We fix a lot more bugs then we feel like we should document though. The patch notes can be pretty long and overwhelming already, without players having to sweat about "If you click this button, and then click this other button, the first button will now lose its highlight as it should" sort of deals.

"In the end, I think we will have forgotten that there were two pet champs back to back in a few months from now" You say that, but I still hear jokes about revive passives 3 years after the fact. And % max health true damage more than a year after Fiora and Garen's reworks.

I know there are memes about them, but does it really affect enjoyment of those characters, or is it just a community in-joke?

Have you played Ori and the Blind Forest? :D If not, I recommend it! I'm guessing the backlog must be large though. :P


I loved Ori and the Blind Forest.

The game suffered from a wee bit of cognitive dissonance because it was so cute and beautiful that I bet a lot of players like me didn't expect for it to be legitimately difficult, which it was.

I wasn't a fan of some of the blind jumping in the timed sequences. They felt like the sort of deal where you have to memorize a pattern and couldn't possibly nail it on the first try except through luck.

That's nitpicky though. On the plus side, some of the tools really redefined the game in a way Metroid games do. Thinking of Bash in particular.

Lets say I apply to Riot as a game designer. I have some gaps in my game knowledge (e.g. haven't played some big ones like zelda or final fantasy). Does that mean I'm unlikely to be successful?

You would have to over-index in some other areas for sure. We'd also want to understand why you never got around to playing those games. I have some gaps in my gaming history (I was never a big CCG dude), and that is true of almost everyone. You just have to keep an eye on the size of those gaps. If you didn't play those games because they don't appeal to you, and only funky indie games ever appeal to you, then there might be a question of your game taste and whether you could make good judgment calls on a game with millions of players.

I've conducted hundreds of interviews in my career, and occasionally you do get the hipster candidate who doesn't get the appeal of Metroid of Left 4 Dead, but loves Dwarf Fortress, and by the way, they think League should be more like Dwarf Fortress and every game should be more like Dwarf Fortress. That's for sure a red flag for me. Not a deal-breaker, just a red flag.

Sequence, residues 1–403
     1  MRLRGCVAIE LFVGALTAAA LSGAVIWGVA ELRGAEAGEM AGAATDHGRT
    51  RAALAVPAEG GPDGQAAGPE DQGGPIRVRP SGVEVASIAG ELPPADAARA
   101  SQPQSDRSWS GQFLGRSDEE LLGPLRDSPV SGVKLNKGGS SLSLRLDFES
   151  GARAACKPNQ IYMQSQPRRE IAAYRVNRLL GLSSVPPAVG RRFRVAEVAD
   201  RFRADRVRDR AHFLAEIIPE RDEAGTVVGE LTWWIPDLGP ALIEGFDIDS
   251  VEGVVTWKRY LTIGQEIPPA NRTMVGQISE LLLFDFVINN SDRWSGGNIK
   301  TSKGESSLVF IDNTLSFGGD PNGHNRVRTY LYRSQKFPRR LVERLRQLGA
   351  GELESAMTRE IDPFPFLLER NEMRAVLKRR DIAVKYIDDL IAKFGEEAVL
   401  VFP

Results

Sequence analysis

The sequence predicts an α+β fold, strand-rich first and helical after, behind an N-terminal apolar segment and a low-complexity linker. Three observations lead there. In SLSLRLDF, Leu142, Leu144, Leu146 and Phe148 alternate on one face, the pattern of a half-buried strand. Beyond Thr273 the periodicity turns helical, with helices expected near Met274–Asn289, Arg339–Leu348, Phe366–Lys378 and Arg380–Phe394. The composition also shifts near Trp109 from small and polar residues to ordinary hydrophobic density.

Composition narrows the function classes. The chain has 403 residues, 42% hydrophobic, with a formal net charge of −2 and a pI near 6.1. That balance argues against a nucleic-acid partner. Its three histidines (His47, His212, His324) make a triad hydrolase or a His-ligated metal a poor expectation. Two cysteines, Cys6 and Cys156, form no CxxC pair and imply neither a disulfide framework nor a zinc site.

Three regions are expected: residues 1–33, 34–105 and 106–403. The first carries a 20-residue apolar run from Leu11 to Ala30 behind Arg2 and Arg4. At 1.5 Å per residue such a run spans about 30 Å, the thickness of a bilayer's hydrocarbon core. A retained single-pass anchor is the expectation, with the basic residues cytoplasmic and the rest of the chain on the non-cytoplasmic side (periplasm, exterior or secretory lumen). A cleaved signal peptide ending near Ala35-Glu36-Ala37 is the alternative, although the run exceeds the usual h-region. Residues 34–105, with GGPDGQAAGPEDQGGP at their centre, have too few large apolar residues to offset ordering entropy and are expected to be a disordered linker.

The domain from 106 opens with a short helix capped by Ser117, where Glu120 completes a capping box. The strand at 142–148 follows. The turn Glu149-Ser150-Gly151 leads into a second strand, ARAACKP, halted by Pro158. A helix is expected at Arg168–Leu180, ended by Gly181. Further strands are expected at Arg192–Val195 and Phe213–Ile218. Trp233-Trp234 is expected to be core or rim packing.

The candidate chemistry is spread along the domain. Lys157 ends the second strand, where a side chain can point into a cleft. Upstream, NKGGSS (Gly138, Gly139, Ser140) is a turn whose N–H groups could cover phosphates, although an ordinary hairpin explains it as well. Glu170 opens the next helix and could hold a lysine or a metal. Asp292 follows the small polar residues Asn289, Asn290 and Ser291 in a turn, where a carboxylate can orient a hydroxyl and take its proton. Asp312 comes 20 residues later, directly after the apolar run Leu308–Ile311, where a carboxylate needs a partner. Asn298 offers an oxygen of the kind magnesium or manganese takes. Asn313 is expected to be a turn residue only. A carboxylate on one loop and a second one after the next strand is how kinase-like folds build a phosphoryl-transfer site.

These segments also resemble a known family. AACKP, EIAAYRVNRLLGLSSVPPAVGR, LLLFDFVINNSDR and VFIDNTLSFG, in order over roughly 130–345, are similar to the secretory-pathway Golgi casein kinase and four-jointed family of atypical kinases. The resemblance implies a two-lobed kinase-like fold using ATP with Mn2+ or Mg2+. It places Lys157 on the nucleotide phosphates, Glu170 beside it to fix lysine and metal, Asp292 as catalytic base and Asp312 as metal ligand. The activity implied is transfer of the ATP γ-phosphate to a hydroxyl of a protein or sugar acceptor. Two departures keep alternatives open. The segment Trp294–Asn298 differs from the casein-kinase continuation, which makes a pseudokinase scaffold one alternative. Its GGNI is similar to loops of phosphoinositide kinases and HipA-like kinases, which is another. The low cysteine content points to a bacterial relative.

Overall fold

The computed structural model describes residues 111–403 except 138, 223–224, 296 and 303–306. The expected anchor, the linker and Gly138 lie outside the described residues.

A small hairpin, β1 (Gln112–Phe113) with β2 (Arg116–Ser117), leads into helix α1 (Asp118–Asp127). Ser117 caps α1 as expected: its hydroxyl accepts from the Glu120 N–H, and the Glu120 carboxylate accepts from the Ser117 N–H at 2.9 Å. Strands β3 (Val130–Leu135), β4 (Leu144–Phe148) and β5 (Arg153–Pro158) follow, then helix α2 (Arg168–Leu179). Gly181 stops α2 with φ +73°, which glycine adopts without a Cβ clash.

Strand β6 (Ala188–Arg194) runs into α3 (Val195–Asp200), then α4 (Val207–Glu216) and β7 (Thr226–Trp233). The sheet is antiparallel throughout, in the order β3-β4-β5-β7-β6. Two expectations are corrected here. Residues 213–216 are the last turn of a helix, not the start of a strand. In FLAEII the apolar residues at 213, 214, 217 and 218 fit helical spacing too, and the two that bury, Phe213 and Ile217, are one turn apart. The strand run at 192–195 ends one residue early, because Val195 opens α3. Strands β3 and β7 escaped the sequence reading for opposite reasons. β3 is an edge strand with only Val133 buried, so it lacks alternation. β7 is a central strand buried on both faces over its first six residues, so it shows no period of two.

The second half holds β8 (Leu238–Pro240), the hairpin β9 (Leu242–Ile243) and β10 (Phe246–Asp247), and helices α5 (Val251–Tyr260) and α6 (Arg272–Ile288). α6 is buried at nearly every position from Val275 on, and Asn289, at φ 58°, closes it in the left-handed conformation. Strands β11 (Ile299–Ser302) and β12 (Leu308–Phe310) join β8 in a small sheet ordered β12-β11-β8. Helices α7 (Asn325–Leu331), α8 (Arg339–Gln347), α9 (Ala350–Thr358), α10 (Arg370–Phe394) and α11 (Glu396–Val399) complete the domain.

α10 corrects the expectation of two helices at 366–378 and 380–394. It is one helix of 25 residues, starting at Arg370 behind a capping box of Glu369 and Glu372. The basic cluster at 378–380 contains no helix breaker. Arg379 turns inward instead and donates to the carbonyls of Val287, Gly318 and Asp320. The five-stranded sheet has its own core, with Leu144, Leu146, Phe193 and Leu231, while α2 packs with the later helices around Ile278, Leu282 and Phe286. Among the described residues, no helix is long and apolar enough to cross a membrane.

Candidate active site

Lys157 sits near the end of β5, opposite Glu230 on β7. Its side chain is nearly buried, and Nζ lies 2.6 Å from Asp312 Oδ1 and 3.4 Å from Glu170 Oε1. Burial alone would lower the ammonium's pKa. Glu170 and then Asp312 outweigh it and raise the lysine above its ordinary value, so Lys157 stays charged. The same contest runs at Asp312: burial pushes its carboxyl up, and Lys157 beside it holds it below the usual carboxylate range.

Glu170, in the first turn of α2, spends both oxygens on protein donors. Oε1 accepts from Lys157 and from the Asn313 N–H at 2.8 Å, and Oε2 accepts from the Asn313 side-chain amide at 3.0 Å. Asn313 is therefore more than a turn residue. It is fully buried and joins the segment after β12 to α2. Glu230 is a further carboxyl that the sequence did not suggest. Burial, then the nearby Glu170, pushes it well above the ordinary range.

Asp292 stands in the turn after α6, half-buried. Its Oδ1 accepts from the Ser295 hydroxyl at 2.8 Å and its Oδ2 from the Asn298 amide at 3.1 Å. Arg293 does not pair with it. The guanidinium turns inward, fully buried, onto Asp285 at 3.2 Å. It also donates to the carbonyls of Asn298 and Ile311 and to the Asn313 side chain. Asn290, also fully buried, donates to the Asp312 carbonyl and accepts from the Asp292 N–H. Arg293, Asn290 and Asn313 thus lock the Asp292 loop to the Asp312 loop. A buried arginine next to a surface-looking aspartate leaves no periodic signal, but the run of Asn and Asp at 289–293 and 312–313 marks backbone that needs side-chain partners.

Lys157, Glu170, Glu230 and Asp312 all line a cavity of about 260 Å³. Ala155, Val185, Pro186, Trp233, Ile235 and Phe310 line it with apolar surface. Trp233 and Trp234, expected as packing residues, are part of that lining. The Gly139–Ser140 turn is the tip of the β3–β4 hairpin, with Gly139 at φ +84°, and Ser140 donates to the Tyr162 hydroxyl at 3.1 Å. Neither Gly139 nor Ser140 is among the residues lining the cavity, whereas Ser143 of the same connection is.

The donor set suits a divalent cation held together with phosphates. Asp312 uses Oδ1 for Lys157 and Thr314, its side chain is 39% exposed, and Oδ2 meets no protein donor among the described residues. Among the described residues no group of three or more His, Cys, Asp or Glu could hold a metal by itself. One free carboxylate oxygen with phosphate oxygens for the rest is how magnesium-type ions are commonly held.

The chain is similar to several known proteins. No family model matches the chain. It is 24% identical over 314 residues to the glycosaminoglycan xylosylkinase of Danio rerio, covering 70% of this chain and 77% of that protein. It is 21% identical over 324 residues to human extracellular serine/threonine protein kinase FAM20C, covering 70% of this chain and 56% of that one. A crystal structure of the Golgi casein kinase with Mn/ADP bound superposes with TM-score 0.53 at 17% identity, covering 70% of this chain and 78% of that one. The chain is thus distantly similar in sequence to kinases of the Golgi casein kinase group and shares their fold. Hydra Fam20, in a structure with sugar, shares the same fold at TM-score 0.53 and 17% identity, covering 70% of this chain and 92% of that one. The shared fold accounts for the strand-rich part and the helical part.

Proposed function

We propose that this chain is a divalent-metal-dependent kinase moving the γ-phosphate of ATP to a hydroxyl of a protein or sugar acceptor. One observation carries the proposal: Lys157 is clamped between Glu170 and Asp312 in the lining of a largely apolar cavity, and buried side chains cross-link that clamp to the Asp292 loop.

My beef isn't with Dwarf Fortress, mind you. My concern in that situation is that a candidate may not have a really firm grasp of what players want and may not be able to separate what they enjoy as a player from what other players may enjoy.

I've also had candidates where I literally said "Go take 6 months, go play these 10 games, try to really understand what they accomplished and why, and then give us a call."

What is with the eternal crutch that is the engineer's turret in character design. Mobas, FPS, RPGs, the turret is garbage in all of them. It's terrible to balance. Why does it keep showing up. Combat engineers DON'T. BUILD. TURRETS. Please GC, give me an engi design that isn't derivative and boring

I agree with you. I think it's a missed opportunity, and I know League is guilty of it.

There is a narrow line sometimes between an archetype and a stereotype. I've seen games that tried so hard to present unusual characters that the player reaction to them was that the characters are weird and unrelatable. I think that's one extreme. The other is that you get all of these tropes that feel a bit tired. Does every game need a ranger (typically a lady) with a cloak and a bow? Does every demon huntery lady need a crossbow and acrobatics? Can combat engineers do things besides bang on turrets with a wrench?

I feel like League has been able to branch out more lately. Yeah, Jhin is a sniper and Ivern is a tree man, but hopefully they go beyond that. And clearly there is a lot more we can do.

Yorick ult now Ivern ult. Is this gonna be the year of champion pets? Also on a serious note, Tibbers, Maiden & Daisy are so similar that all their uniqueness diminishes.

There is a limit to how many distinctions you can make in gameplay over an AI entity over which you have limited control. You have a point about Yorick and Ivern coming out so closely together, but give Ivern a whirl and see what you think.

Realistically, when you're in situations like this, you can tell the Ivern team to change their champ or tell the Yorick team to change their champ, or delay one just to avoid the collisions, but from a player-facing point of view, those are all pretty shitty solutions. In the end, I think we will have forgotten that there were two pet champs back to back in a few months from now.

Have you had any time to "talk shop" with your old Blizzard buddies and discuss design from different points of view, if so what were these discussions

Yeah, we do this all the time. We have to be a little careful since we technically competitors, so we avoid current projects or design dilemmas. As much as I would love to bounce some ideas about stuff I'm working on by them, clearly I can't.

We talk a lot about trends in gaming or specific games we've played that neither studio is involved with. We talk about the rise and future of esports. We talk about games that came out of nowhere (e.g. Rocket League).


Ask @RiotGhostcrawler:

About Greg Street:

Design Director, League of Legends @ Riot Games Before that: Lead Systems Designer, World of Warcraft.
Before that: Lead Designer, Age of Empires.
Before that I was an oceanographer.

Los Angeles, CA